To this ignorance of the will of God, Wicliffe traced the manifold evils that afflicted the kingdom. "I will fill England with light," he might have said, "and the ghostly terrors inspired by the priests, and the bondage in which they keep the people through their superstitious fears, will flee away as do the phantoms of the night when the sun rises. I will re-open the appointed channel of holy influence between earth and the skies, and the face of the world will be renewed." It was a sublime thought.

Till the seventh century we meet with no attempt to give the Bible to the people of England in their mother-tongue. Caedmon, an Anglo-Saxon monk, was the first to give the English people a taste of what the Bible contained. We cannot call his performance a translation. Caedmon appears to have possessed a poetic genius, and deeming the opening incidents of inspired history well fitted for the drama, he wove them into a poem, which, beginning with the Creation, ran on through the scenes of patriarchal times, the miracles of the Exodus, the journey through the desert, till it terminated at the gates of Palestine

and the entrance of the tribes into the Promised Land. Such a book was not of much account as an instruction in the will of God and the way of Life. Others followed with attempts at paraphrasing rather than translating portions of the Word of God, among whom were Alfric and Alfred the Great. The former epitomized several of the books of the Old Testament; the latter in the ninth century summoned a body of learned men to translate the Scriptures, but scarcely was the task begun when the great prince died, and the work was stopped.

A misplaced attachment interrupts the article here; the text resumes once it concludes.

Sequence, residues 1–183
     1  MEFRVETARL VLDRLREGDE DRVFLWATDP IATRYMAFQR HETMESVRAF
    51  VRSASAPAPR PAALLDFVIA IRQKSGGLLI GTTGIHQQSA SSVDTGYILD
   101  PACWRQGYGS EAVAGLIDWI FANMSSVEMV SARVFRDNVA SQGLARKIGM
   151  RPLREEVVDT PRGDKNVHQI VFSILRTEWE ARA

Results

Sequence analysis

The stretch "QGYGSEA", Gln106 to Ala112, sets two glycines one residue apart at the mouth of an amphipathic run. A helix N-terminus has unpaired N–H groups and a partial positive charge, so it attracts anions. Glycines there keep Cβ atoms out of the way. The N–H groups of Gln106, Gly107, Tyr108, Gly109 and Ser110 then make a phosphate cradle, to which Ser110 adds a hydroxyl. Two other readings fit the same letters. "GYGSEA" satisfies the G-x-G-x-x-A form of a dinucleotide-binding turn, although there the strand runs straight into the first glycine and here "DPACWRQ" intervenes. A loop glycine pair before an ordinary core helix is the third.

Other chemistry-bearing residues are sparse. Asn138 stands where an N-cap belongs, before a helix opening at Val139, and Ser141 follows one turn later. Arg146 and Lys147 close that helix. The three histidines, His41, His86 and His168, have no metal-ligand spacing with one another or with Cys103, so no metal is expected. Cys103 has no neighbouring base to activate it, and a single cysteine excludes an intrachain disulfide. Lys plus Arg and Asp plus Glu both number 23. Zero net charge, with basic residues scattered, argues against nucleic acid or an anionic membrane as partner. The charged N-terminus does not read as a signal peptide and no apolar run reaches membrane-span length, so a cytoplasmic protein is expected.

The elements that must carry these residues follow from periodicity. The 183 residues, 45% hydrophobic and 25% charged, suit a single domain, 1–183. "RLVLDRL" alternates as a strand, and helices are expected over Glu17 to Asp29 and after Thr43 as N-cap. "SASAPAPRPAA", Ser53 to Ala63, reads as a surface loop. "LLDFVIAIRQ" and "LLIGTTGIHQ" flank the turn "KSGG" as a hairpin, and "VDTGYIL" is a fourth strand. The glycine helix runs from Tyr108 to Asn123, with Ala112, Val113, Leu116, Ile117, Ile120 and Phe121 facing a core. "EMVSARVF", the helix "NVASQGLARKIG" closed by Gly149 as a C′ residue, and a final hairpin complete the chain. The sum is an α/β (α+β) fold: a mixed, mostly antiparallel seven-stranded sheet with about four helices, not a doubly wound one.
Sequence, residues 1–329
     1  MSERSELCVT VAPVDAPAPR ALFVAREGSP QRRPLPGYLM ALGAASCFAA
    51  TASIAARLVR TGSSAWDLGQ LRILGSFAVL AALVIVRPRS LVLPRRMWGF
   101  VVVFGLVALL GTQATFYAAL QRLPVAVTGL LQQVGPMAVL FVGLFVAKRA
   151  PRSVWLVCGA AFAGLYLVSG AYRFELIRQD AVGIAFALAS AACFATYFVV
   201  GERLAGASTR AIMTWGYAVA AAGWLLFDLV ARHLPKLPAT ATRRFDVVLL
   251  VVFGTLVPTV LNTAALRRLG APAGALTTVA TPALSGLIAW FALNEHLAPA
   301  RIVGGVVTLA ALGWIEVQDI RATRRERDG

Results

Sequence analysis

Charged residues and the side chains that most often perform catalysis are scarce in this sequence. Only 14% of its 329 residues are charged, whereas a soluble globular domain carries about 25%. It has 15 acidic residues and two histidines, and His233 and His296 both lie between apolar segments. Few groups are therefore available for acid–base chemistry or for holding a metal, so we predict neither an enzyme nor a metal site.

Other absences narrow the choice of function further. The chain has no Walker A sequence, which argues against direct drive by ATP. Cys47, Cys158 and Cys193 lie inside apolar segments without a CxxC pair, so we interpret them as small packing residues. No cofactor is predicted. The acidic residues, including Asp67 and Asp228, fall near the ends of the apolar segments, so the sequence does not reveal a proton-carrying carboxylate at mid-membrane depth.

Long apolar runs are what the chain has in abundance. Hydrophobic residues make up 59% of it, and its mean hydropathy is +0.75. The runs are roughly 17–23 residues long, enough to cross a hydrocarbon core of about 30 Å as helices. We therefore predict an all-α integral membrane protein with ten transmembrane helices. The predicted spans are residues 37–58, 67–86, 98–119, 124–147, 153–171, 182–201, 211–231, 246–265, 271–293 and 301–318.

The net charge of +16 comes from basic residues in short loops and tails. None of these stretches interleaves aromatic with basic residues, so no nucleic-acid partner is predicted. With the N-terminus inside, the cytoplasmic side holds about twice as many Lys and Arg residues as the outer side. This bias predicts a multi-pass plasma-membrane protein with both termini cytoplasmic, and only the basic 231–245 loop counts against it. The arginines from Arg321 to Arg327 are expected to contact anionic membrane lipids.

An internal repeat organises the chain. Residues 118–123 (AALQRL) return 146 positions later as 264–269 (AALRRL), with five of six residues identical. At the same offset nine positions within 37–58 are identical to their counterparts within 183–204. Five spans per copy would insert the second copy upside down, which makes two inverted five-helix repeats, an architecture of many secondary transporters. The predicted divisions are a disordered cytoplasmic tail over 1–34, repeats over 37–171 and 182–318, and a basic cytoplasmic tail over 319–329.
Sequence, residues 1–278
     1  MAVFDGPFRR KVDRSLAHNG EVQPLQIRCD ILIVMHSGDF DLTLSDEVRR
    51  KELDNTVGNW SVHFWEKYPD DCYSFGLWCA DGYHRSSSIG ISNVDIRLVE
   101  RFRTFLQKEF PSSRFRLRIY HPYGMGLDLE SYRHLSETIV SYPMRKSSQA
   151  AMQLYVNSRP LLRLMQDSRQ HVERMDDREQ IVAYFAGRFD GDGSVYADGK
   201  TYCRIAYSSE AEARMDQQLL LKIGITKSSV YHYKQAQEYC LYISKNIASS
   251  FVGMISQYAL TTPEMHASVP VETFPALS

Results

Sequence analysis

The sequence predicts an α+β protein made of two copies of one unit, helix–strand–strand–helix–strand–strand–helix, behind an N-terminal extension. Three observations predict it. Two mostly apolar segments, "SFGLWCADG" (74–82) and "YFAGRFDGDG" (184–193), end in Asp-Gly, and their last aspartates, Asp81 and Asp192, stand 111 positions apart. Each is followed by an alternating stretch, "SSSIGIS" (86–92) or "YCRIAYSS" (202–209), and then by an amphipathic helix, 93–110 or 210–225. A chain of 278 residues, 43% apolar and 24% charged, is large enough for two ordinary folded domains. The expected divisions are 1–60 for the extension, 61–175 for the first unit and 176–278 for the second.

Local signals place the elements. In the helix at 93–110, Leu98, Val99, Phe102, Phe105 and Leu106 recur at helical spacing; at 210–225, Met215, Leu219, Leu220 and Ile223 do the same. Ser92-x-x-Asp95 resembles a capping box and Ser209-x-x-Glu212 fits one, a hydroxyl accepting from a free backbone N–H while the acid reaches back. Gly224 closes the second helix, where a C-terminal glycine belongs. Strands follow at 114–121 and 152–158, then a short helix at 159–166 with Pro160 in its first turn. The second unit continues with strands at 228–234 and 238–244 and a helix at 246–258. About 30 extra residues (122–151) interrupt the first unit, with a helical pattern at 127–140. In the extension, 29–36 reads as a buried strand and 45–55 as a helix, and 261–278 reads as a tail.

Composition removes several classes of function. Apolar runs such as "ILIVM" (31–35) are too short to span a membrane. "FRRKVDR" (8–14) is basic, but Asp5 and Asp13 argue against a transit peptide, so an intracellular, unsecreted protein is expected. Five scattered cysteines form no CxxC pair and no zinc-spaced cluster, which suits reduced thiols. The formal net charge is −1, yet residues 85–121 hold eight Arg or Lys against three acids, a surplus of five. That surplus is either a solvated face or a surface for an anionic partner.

The attempt of Bede in the eighth century deserves our notice. He is said to have translated into the Anglo-Saxon tongue the Gospel of John. He was seized with a fatal illness after beginning, but he vehemently longed to finish before breathing forth his spirit. He toiled at his task day by day, although the malady continued, and his strength sank lower and lower. His life and his work were destined to end together. At length the morning of that day dawned which the venerable man felt would be his last on earth.

There remained yet one chapter to be translated. He summoned the amanuensis to his bed-side. "Take your pen," said Bede, who felt that every minute was precious – "quick, take your pen and write." The amanuensis read verse by verse from the Vulgate, which, rendered into Anglo-Saxon by Bede, was taken down by the swift pen of the writer. As they pursued their joint labor, they were interrupted by the entrance of some officials, who came to make arrangements to which the assent of the dying man was required. This over, the loving scribe was again at his task. "Dear master," said he, "there is yet one verse." "Be quick," said Bede. It was read in Latin, repeated in Anglo-Saxon, and put down in writing. "It is finished," said the amanuensis in a tone of exultation. "Thou hast truly said it is finished," responded in soft and grateful accents the dying man. Then gently raising his hands he said, "Glory be to the Father, and to the Son, and to the Holy Ghost," and expired. [7]